Keep Confidentiality Even After the M&A Letter of Intent Is Signed - dummies

Keep Confidentiality Even After the M&A Letter of Intent Is Signed

By Bill Snow

Depending on the terms of the letter of intent (LOI), informing outsiders about the deal may be a breach of confidentiality. If one or both of the companies is public, disclosure of this insider information may be considered illegal, especially if someone uses it to buy or sell stock. But it’s easily avoidable — just keep your mouth shut.

Even if the Buyer and Seller are private companies, improperly disclosing deal discussions may harm one or both of the companies. The Seller is most susceptible to consequences: Employees may jump if they think they’ll lose their jobs post-sale, and competitors can use the information to steal customers from the Seller.

Don’t call the M&A seller’s employees without permission

Unfortunately, Buyers have been known to pick up the phone and call a Seller’s employees prior to the deal closing. Sometimes, Buyer even lets slip that he’s buying the company and that the employees will soon have a new boss.

Although the cause of this behavior is usually not malicious (in their excitement about doing a deal, would-be Buyers jump the gun and start calling employees as if they’ve already closed the deal), this conduct is still wholly unacceptable and really just poor form. Tipping off an unsuspecting employee about a deal can cause untold havoc in Seller’s business, much like breaking confidentiality can.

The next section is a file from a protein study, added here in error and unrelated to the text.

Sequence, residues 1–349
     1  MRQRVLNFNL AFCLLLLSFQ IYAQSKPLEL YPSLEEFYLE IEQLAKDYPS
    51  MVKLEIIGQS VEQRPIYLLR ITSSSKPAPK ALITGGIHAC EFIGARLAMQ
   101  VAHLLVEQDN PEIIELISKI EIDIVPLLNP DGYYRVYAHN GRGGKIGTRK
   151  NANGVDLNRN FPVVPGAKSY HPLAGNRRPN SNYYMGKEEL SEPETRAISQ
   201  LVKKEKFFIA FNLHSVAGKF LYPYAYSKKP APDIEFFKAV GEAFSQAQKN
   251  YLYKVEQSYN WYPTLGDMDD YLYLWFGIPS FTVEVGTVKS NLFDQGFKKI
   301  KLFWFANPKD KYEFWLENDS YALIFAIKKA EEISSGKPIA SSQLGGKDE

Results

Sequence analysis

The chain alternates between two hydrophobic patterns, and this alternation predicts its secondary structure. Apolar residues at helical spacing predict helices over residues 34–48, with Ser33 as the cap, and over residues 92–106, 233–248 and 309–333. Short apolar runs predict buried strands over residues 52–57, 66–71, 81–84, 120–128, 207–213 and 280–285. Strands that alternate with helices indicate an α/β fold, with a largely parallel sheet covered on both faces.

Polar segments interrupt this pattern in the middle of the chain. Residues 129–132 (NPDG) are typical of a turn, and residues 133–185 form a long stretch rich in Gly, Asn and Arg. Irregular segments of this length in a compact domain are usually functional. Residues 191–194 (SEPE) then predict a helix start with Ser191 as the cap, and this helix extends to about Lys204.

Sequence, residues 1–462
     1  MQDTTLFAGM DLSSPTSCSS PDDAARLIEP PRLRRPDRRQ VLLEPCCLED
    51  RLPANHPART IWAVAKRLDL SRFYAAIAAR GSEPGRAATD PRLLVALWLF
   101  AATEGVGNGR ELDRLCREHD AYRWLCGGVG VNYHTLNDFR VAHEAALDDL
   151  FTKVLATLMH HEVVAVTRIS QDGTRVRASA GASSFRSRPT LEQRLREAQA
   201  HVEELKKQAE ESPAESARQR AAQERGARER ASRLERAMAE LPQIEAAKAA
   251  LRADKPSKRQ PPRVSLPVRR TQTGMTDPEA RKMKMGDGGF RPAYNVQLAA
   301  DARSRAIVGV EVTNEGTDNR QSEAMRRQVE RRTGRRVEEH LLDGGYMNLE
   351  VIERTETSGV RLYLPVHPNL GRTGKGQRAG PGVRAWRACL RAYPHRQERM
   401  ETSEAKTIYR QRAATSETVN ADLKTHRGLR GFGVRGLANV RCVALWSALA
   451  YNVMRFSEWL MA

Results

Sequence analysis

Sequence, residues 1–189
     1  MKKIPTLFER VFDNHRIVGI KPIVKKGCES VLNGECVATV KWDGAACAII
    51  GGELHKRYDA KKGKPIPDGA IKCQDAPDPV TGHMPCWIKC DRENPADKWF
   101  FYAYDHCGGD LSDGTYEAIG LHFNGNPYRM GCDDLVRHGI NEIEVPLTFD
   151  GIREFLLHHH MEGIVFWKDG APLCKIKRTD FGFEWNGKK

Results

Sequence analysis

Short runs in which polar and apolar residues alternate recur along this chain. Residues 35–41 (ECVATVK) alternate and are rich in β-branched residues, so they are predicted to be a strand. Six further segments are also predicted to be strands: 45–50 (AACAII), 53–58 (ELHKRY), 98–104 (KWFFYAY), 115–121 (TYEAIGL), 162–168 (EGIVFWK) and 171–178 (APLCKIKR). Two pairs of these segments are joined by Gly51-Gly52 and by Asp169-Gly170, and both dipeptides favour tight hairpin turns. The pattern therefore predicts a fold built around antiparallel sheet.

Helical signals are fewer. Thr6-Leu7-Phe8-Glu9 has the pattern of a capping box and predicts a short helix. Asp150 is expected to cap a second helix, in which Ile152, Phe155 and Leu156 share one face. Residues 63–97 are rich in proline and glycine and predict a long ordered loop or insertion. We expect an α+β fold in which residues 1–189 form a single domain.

Buyers should always follow the chain of command and only speak with those people who know about the deal and to whom the Seller explicitly agrees you can contact. Make sure you go through the proper channels.

Don’t contact a seller’s customers or vendors without authorization

Another huge no-no for Buyers! Customers are the most important relationship for a Seller, and a Buyer who carelessly contacts a customer and informs her about the pending deal may cause that customer to find a new vendor. This kind of breach can quickly scuttle the deal, as well as harm the Seller.

In most cases, this breach is caused by an overzealous Buyer trying to conduct due diligence. Although determining the strength of the relationship with customers is important, this situation is delicate, and Buyers should tread carefully.

Buyers should refrain from contacting Seller’s vendors without permission for the same reasons.